* Feb imports from Iran 288,576 bpd, down 40% y/y
* Imports from Saudi Arabia at 1.39 mln bpd, up 39 pct y/y
* Imports from Iraq, UAE, Kuwait, Russia also rise
* Imports from Sudan down 59 pct
By Judy Hua and Chen Aizhu
BEIJING, March 21 (Reuters) - China slashed its crude oil imports from Iran by half in February from December levels to pressure Tehran in a contract dispute, while increasing its purchases from Iran’s rival Saudi Arabia to a record level to fill the gap.
February was the first month to reflect the full scale of the cuts in China’s imports of Iranian oil after top refiner Sinopec Corp decided in December to chop purchases in an attempt to force Iranians to back off from the tougher terms they had proposed for the 2012 contract.
The February imports at about 290,000 barrels per day are about half of December’s 572,800 bpd, 41 percent less than the January level and down 40 percent from February 2011, data from China General Administration of Customs showed on Wednesday, largely matching earlier Reuters reports.
The sharp drop in Chinese imports adds to trade pressures on Iran stemming from U.S. and European Union sanctions over its nuclear enrichment programme. The West fears it could lead to nuclear weapons, while Iran says it is intended for power generation.
The United States on Tuesday exempted Japan and 10 EU nations from financial sanctions, because they have significantly cut purchases of Iranian crude. But it left Iran’s top customers China and India exposed to the possibility of such steps.
The 491,000 bpd level recorded for January factored in a small part of the planned cuts because of the delay due to the roughly three-week tanker voyage between Iran and Chinese ports.
China boosted imports from Saudi Arabia, the only big oil producer with a significant amount of spare capacity, to a record 1.39 million bpd in February, 260,000 bpd higher than January and nearly 40 percent above the year-earlier level.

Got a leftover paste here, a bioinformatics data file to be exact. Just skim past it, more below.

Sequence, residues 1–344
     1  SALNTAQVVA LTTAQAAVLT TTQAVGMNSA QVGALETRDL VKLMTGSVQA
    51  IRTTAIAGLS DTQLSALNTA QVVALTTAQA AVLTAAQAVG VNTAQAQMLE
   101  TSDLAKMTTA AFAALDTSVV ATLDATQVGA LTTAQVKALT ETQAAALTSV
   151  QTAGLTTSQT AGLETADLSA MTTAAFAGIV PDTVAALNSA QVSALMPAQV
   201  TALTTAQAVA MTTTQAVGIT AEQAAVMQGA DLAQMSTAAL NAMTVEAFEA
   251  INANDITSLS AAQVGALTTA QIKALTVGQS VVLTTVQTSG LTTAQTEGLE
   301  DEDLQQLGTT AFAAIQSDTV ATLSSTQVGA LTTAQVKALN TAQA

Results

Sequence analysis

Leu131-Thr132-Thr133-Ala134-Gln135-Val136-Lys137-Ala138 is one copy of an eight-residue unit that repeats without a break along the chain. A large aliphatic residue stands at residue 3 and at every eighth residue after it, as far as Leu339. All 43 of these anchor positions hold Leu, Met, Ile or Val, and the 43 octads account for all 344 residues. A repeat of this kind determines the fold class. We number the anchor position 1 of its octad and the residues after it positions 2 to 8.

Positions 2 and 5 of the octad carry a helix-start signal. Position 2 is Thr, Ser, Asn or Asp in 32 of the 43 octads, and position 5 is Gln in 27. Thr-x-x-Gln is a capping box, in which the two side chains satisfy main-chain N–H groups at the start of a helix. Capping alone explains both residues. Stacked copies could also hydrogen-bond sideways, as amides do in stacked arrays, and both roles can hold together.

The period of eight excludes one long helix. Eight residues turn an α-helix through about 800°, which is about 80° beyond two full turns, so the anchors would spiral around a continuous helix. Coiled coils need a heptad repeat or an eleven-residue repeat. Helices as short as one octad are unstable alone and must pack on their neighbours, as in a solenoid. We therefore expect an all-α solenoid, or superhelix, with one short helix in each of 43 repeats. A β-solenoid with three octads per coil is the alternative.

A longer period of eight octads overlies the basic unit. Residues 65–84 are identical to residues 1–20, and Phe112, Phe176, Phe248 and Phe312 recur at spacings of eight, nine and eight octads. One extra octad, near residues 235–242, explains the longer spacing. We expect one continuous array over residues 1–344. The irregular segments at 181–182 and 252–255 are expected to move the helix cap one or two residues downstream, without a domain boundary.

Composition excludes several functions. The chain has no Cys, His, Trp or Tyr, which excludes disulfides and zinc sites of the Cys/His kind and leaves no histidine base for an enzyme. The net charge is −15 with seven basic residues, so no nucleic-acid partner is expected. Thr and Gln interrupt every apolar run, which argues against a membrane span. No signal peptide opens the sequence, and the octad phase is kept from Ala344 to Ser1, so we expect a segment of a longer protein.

Saudi oil minister Ali al-Naimi said the kingdom had met all its customer’s requests for oil and stood ready to raise output to full capacity of 12.5 million bpd, if needed.
“My only mission is to convey to you that there is no supply shortage in the market,” Naimi told reporters on Tuesday. “We are ready and willing to put more oil on the market, but you need a buyer.”
China’s record Saudi imports are also largely in line with comments from industry sources that the world’s top oil exporter had been sending some 200,000 bpd of extra oil to Asia, the bulk of which was destined for China.
Riyadh has also quietly raised shipments to the United States to the highest level since mid-2008.
Sinopec reduced Iranian imports for lifting through the first quarter of this year to protest tougher payment terms and higher prices proposed by Tehran, Reuters has reported.
Under an annual contract that concluded in late February after nearly three months of talks, China will buy 10 to 15 percent less crude from Iran this year versus 2011, with the cuts mostly already made in the first three months, a Beijing-based Chinese oil executive with direct knowledge of the deal told Reuters.
The sharp scale-back in February knocked Iran’s ranking to China’s seventh-biggest supplier from third-biggest last year.
China, the world’s second-largest oil consumer, is Iran’s largest trading partner and biggest oil client, buying up to 20 percent of the Islamic Republic’s total crude exports.
China has been scouring the world for crude to make up for the lost Iranian oil. Its extra imports in February from Saudi Arabia, other Middle East countries and Russia more than offset the loss of imports from Iran, the data showed.
Imports from Iraq jumped 135 percent year-on-year to 473,634 bpd and were up 26 percent from the level of imports in January, the data showed.
Crude imports from other Gulf countries also rallied, with those from Kuwait up nearly 50 percent on the year to 242,092 bpd and from United Arab Emirates up 45 percent to 195,707 bpd.
Imports from Russia were 602,714 bpd in February, 3.6 percent higher than in January and 52 percent higher versus February 2011.
Crude imports from Sudan, however, fell nearly 60 percent from a year earlier to 164,238 bpd, the data showed, after South Sudan in January stopped production in a row over transit fees with Sudan.